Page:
July is the worst month to check into a teaching hospital because of the influx of inexperienced residents, UC San Diego researchers reported Wednesday. The rate of fatal medical errors spikes in July, increasing by 10% compared with the average in other months, they reported in the Journal of General Internal Medicine. The increase occurred only in counties with teaching hospitals.
Many physicians have long suspected an increased rate of medical errors when new residents join hospitals, a phenomenon commonly referred to as the "July effect." But hard evidence supporting the possibility had been hard to come by, said social scientist David H. Phillips of UCSD, because most previous studies had examined small, non-geographically representative samples over a limited time period. Perhaps the best evidence to date was a five-year study of anesthesia trainees at an Australian hospital that showed an increase in errors in February, the first month of their academic year.
Phillips and graduate student Gwendolyn E. C. Barker studied all 62,338,584 U.S. death certificates for the period 1979 to 2006, ultimately focusing on 244,388 deaths linked to medication areas. They found an average increase of 10% in medication-linked deaths in July in counties with teaching hospitals but none in other counties. The proportion of such deaths was highest in those counties with the highest number of teaching hospitals. Studying deaths outside the hospital, they found no similar spike in deaths during the period, suggesting that it was not simply a summertime phenomenon. They found no spike in other causes of death in hospitals during July, however.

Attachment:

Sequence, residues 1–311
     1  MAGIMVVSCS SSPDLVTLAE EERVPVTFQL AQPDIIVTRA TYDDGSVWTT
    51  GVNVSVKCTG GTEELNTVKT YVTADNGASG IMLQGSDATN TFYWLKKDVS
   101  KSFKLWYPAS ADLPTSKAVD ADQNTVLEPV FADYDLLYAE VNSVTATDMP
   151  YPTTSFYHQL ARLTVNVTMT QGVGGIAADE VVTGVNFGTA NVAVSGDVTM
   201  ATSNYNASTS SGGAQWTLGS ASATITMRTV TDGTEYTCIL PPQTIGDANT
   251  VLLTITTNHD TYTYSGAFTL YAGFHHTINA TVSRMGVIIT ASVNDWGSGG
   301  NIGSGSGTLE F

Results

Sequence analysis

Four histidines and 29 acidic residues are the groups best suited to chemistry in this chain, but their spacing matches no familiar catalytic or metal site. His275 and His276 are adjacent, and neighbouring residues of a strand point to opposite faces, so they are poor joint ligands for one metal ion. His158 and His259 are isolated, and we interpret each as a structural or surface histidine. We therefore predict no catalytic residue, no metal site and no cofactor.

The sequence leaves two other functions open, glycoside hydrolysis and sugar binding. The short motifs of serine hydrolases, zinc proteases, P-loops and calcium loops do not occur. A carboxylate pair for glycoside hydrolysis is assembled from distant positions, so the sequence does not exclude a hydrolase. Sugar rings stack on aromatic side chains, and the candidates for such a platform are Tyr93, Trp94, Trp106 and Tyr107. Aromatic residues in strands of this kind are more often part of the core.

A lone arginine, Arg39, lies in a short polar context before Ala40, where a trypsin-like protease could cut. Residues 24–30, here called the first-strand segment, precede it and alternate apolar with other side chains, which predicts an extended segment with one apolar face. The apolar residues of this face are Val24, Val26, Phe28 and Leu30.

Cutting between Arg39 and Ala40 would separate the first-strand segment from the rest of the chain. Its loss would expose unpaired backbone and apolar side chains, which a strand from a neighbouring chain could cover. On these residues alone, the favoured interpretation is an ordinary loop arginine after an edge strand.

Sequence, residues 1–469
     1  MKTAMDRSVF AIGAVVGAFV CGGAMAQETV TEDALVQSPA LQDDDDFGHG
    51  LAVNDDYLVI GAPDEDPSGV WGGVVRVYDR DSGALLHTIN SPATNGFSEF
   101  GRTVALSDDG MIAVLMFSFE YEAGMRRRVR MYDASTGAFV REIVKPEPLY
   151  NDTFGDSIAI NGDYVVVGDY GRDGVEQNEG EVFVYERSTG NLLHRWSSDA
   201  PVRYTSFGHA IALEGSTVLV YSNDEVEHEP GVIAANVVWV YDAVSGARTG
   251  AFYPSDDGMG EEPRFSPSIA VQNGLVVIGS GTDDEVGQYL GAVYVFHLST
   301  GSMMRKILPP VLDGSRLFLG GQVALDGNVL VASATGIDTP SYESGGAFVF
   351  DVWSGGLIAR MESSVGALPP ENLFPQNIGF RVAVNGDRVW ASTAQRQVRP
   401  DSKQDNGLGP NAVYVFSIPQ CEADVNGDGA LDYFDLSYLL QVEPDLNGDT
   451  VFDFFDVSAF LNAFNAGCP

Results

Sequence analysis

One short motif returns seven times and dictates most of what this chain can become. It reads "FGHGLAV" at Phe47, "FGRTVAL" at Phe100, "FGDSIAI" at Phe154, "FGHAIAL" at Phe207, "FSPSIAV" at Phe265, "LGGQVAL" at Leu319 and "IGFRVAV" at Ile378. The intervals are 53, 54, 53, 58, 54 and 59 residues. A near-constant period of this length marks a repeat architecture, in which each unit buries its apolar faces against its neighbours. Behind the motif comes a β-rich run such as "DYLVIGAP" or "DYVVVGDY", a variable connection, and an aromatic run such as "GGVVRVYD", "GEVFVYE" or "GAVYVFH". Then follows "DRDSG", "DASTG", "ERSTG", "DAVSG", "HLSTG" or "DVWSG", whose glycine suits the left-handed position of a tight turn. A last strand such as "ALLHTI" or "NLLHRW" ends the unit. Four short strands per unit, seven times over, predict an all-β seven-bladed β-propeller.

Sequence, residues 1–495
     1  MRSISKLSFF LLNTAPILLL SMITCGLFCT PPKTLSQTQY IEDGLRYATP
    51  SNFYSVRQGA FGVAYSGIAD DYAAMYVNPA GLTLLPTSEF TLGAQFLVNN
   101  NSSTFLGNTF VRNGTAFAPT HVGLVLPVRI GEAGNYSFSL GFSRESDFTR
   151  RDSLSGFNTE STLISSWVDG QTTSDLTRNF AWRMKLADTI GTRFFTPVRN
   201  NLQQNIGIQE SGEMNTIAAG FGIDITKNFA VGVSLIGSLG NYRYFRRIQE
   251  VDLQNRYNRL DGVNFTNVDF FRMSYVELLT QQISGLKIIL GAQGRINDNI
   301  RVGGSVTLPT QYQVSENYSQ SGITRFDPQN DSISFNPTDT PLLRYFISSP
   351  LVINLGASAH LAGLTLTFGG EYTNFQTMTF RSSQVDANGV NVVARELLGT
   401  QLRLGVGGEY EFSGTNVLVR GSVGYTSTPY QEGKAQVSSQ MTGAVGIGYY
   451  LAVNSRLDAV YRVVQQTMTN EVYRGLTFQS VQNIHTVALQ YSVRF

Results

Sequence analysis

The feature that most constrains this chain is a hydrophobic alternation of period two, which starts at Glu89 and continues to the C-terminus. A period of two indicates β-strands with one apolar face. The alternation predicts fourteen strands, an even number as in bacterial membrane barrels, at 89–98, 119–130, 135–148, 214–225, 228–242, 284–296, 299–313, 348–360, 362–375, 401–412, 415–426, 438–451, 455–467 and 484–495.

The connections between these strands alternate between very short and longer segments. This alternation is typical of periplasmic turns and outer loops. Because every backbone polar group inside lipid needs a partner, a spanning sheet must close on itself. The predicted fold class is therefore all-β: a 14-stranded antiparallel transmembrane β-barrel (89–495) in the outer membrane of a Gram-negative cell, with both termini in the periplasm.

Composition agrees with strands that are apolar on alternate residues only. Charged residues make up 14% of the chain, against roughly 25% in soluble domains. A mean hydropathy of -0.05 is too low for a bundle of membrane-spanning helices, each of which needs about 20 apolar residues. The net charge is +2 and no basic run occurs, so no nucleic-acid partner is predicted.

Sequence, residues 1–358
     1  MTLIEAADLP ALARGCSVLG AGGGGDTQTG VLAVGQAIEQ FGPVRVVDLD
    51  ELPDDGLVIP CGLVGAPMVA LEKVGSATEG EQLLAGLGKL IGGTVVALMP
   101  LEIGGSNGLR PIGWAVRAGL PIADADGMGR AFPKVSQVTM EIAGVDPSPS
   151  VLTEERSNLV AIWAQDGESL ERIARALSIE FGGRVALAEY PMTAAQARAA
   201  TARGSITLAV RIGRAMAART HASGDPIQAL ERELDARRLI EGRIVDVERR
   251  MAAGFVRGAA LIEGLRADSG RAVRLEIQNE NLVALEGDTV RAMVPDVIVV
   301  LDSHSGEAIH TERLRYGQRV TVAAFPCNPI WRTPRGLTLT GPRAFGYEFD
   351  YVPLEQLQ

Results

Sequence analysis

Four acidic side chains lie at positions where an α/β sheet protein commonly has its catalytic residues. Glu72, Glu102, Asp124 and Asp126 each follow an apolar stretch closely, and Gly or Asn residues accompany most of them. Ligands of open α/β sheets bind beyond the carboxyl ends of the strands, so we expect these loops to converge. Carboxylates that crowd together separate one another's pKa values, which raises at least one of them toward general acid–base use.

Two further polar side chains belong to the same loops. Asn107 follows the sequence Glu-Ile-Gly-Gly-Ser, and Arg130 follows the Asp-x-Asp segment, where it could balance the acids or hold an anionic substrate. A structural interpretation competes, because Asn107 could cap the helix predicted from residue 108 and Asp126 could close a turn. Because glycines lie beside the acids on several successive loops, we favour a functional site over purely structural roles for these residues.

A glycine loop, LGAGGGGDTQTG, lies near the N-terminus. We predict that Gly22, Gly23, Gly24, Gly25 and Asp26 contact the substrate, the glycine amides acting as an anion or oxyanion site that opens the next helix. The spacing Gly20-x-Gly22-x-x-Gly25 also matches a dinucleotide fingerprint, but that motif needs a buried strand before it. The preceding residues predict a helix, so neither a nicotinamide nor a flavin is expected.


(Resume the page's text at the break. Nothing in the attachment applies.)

Their findings, they wrote, "provide fresh evidence for 1) re-evaluating responsibilities assigned to new residents; 2) increasing supervision of new residents; [and] 3) increasing education concerned with medication safety."
-- Thomas H. Maugh II